3. In Spite of Setbacks, Cooperation Continues

Co-op City View From Pelham Bay Park

While press coverage of Co-op City initially focused on its aesthetics, the development’s greatest existential problem turned out to be financial. During the mid 1970s, it teetered on the brink of foreclosure by the state. Cost overruns, due in part to shoddy construction, resulted in substantial increases in monthly charges to residents, known officially as “cooperators.” In response, they became uncooperative cooperators, first filing suit against the United Housing Foundation but losing in the US Supreme Court and then instituting a rent strike that lasted 13 months.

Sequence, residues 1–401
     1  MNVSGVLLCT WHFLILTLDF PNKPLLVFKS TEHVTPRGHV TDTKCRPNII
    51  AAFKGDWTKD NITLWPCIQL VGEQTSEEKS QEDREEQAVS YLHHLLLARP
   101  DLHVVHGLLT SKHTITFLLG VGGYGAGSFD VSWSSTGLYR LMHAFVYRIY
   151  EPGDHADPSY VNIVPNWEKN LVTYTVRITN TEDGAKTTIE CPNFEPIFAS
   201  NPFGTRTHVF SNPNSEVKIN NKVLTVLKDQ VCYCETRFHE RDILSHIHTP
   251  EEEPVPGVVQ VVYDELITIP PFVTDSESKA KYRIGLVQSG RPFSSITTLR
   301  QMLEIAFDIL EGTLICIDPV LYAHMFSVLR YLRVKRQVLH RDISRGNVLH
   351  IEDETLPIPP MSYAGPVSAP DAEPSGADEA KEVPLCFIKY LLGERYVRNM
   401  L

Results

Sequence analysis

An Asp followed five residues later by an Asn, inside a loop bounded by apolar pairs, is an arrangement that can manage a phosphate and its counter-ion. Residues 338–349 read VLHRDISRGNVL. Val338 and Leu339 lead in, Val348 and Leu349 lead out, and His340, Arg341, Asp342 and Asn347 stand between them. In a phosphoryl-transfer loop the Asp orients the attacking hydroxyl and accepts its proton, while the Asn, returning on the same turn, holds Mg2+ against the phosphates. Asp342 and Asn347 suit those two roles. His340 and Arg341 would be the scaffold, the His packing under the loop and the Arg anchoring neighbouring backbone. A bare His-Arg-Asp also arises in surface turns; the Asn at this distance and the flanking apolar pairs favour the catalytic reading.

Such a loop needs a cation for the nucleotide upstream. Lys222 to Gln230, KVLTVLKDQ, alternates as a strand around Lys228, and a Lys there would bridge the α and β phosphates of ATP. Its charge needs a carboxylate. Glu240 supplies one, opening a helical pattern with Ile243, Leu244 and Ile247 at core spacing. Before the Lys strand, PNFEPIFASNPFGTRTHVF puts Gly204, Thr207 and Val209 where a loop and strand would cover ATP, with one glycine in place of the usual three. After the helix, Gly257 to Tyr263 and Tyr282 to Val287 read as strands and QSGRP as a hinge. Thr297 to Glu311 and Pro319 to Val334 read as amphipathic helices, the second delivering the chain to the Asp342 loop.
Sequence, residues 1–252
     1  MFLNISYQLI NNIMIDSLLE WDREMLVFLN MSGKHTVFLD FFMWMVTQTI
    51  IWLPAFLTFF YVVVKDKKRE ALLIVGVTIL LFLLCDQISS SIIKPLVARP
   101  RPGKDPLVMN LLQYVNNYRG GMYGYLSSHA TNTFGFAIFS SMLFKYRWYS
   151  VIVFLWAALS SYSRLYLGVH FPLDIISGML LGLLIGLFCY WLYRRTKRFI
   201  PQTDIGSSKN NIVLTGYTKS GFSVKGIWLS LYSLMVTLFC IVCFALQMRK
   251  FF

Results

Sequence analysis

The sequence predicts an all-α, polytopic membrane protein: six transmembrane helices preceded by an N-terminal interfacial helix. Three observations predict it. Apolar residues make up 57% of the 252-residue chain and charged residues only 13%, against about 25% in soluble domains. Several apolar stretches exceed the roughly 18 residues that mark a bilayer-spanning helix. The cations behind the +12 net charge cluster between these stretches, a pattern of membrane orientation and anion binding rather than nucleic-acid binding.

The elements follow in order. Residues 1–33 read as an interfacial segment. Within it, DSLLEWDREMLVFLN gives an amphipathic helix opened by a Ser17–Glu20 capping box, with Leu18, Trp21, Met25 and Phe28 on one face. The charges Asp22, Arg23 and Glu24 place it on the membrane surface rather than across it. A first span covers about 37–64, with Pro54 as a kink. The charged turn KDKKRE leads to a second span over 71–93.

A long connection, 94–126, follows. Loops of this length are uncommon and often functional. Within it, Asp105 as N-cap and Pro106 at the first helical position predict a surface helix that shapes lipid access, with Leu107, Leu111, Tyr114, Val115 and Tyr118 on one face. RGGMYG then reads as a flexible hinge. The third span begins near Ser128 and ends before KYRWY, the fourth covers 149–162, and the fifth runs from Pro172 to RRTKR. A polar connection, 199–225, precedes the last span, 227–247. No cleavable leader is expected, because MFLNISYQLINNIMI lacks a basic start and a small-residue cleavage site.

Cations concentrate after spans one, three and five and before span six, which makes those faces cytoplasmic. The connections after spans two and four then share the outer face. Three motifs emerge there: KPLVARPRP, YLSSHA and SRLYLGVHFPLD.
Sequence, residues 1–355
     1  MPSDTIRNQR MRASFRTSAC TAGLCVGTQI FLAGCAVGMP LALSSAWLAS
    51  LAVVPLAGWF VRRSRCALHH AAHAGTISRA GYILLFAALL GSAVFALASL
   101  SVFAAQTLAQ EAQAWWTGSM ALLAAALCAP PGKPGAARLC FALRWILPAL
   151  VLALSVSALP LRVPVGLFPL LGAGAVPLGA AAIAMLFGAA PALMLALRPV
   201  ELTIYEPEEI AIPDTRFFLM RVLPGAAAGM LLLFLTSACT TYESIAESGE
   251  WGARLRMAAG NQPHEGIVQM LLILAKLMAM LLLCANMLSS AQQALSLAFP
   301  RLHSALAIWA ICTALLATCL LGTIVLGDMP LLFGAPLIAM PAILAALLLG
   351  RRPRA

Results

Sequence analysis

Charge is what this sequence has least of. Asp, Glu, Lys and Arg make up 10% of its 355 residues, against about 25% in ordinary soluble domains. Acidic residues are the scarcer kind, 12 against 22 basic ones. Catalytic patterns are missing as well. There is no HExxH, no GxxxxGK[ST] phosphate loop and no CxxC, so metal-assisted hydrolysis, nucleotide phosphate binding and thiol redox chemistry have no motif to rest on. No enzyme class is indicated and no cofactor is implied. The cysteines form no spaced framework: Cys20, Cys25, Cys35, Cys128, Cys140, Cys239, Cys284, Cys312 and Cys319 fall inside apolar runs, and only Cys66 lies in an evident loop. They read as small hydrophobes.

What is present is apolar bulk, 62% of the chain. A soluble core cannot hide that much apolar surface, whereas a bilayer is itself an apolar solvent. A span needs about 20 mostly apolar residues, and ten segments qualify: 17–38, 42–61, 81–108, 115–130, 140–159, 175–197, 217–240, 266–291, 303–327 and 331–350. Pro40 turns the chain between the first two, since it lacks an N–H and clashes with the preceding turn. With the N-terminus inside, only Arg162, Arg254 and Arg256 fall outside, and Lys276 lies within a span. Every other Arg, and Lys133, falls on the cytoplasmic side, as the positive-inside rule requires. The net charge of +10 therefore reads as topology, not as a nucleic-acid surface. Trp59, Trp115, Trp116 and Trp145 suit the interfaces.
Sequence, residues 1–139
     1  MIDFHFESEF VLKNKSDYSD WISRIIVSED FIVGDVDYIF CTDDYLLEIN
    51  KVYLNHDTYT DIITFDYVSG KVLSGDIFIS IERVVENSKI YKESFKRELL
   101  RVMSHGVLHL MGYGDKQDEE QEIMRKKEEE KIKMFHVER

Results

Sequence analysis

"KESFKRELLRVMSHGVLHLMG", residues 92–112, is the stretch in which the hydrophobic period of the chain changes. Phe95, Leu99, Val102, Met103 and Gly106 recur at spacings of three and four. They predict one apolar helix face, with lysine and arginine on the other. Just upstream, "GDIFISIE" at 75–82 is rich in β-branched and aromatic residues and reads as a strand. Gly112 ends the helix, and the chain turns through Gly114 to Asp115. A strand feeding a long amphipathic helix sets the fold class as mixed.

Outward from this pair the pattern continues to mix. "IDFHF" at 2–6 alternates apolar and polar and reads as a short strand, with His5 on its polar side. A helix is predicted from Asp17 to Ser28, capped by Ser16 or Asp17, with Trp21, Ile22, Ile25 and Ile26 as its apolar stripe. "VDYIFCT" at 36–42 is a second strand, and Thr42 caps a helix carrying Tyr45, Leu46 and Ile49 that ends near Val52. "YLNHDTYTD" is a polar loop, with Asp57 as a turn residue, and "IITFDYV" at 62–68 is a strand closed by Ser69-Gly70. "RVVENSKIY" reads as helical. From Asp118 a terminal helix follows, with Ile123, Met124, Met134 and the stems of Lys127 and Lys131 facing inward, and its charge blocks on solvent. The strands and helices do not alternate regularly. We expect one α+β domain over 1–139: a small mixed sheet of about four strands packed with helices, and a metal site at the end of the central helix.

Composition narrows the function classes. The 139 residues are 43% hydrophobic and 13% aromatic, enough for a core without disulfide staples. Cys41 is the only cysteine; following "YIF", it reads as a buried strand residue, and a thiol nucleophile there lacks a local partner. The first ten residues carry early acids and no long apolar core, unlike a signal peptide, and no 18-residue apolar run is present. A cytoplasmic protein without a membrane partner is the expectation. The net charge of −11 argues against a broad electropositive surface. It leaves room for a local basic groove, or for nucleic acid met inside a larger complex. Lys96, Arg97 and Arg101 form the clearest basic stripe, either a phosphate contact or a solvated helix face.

In the summer of 1976, a solution ending the strike was worked out. Essentially all sides backed off and residents gained direct responsibility for overseeing the Riverbay Corporation, the legal entity operating the co-op. (United Housing Foundation, on the other hand, ceased its development activities.)

In the years since, Co-op City has faced and overcome other financial and management problems, but the fun fact is that 45 years after its completion it is still providing affordable housing to thousands of families with a waiting list of more people who would like to move there.